The effects of the partial agonist d-cycloserine have been more studied than those of the full agonists. Preclinical experiments in rats have shown that it can enhance ► spatial memory, such as that measured in radial and water mazes, in addition to visuospatial memory and visual recognition in primates. Reversal of decrements in cognition can also be seen in ageing animals. In rats, some elegant studies by Davies and colleagues have demonstrated the ability of d-cycloserine to facilitate fear extinction. Fear extinction refers to the process of reducing a response to a cue previously paired with a fear-evoking event, by exposure to the cue in the absence of the associated event. This is the basis of exposure therapy, where a patient is repeatedly exposed to a feared object or situation, with support and without any adverse consequences. Importantly, extinction of the fear response occurs through new learning which inhibits the original fear, rather than by simple forgetting. As with some other forms of learning, extinction is a process that can be prevented by antagonists acting at NMDA-receptors. Davis and colleagues therefore predicted that ligands that positively modulate the NMDA-receptor should facilitate fear extinction and in preclinical studies they went on to show that d-cycloserine could do exactly that. These and later studies led to clinical trials of d-cycloserine in humans as an adjunct to improve exposure therapy for acrophobia (fear of heights). During these trials that were carried out in a virtual reality environment, patients were given d-cycloserine (or placebo) before two therapy sessions and retested 1 week and 3 months later. At the retests, patients who had received d-cycloserine during therapy sessions, showed enhanced fear reduction in the virtual reality environment (Davis et al. 2006). Therefore, by potentiating the action of glutamate through the GlycineB-site, extinction learning can be accelerated in both animals and humans.
In other studies, d-cycloserine has been found to improve different aspects of learning, memory and also performance in tests of cognitive flexibility in both healthy humans and in patients with schizophrenia or Alzheimer's disease. As in the fear extinction studies, these procognitive actions of d-cycloserine have invariably been seen at small doses only, perhaps because its efficacy as an agonist may be lost at larger doses (Priestley et al. 1995).
Another way to enhance the activity of NMDA-receptors via the GlycineB-site is to elevate the synaptic levels of endogenous glycine itself. Normally, the action of glycine would be terminated by its removal from the synapse by specialized transporters located on neuronal membranes and on the surrounding glial cell membranes. Although there are multiple subtypes of transporter, glycine-1 transporters (GLYT-1) located on the glial cells play a major role in the removal of glycine from the synapse and it is the activity of these transporters that is thought to be the reason why GlycineB-sites are not saturated in vivo. Drugs that prevent the activity of GLYT-1, glycine reuptake inhibitors (GRIs) should therefore increase glutamate action at NMDA-receptors.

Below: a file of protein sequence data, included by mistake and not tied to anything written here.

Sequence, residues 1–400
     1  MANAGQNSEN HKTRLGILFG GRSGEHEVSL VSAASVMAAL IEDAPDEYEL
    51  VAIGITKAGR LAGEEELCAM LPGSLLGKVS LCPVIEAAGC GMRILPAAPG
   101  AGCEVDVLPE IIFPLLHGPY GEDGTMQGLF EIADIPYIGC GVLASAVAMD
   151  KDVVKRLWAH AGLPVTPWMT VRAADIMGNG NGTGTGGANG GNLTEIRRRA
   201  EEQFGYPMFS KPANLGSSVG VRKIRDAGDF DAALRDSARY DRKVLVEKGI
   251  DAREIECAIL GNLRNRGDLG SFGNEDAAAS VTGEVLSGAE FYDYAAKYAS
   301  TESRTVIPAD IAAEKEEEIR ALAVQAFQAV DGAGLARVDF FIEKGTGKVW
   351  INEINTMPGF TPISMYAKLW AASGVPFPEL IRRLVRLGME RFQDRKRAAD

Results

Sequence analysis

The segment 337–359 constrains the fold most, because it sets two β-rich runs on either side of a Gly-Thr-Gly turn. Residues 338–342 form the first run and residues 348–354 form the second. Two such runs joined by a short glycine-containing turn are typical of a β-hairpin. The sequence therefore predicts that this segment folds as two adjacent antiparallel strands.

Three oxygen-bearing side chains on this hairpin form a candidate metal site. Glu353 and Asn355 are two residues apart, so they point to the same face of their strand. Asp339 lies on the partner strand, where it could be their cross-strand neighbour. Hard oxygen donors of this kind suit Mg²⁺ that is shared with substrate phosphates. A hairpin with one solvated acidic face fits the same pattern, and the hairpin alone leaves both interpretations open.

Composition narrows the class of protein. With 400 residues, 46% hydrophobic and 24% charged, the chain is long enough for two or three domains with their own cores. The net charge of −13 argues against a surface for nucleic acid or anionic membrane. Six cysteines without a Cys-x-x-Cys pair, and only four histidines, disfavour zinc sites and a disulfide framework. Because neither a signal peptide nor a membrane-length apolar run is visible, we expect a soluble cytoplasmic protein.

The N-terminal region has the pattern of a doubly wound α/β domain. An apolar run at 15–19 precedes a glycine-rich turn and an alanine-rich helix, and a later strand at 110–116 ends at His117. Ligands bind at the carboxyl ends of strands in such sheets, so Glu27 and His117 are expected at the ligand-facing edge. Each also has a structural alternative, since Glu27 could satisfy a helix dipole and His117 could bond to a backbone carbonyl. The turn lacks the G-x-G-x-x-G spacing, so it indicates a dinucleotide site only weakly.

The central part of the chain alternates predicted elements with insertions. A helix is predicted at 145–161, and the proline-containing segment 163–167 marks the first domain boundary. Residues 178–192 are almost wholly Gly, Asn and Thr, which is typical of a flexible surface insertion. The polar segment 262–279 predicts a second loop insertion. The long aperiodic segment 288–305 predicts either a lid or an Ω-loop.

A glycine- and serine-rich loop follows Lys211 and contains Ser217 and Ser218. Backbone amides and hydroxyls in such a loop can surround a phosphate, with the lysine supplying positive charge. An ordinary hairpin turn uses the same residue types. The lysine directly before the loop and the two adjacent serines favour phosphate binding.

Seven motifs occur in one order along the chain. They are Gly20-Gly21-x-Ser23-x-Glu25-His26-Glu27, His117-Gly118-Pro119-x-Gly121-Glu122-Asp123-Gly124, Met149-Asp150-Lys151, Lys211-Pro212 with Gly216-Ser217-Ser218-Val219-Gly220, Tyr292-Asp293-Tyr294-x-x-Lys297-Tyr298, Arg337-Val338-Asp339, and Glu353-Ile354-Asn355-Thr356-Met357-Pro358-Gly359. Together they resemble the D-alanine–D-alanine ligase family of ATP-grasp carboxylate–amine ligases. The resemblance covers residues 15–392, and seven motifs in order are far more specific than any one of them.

The first generation of GRIs were based on sarcosine (N-methyl-glycine), a selective inhibitor of glycine uptake at GLYT-1 and include NFPS (N-[3-(4'-Fluorophenyl)-3-(4'-phenylphenoxy)propyl]sarcosine) and Org24461/ 24598. Second generation GRIs are non-aminoacid-based compounds, such as SSR504734. Accompanying the rise of the glutamatergic hypothesis of schizophrenia, our knowledge of the procognitive actions of GRIs comes mostly from preclinical studies aimed at modeling aspects of cognition that are impaired in the disorder. Pre-pulse inhibition, or PPI, describes the ability of a small pre-stimulus to inhibit the startle response to a larger stimulus. In animal models, deficits in PPI arise spontaneously in the DBA/2 strain of mouse or can be seen to develop in adult rats, following neonatal treatment with phencycli-dine. These are thought to model a schizophrenic abnormality in filtering information and studies in animals have consequently shown that GRIs can reverse these deficits. Other studies have shown their effectiveness at improving object recognition or reference memory, in tests where deficits have been pharmacologically induced with NMDA-receptor antagonists. In human schizophrenia patients, sarcosine and other GRIs can improve "cognitive symptoms'' but the nature of these improvements is not yet well described.
Overall, drugs targeting the GlycineB-site of the NMDA-receptor do appear to have procognitive effects on several aspects of learning and memory. There is little evidence for improvements in attention and their effectiveness for enhancing other cognitive domains remains to be fully investigated.
Most of the fast glutamatergic neurotransmission in the brain is mediated by ► AMPA-receptors. In addition, changes in synaptic plasticity are associated with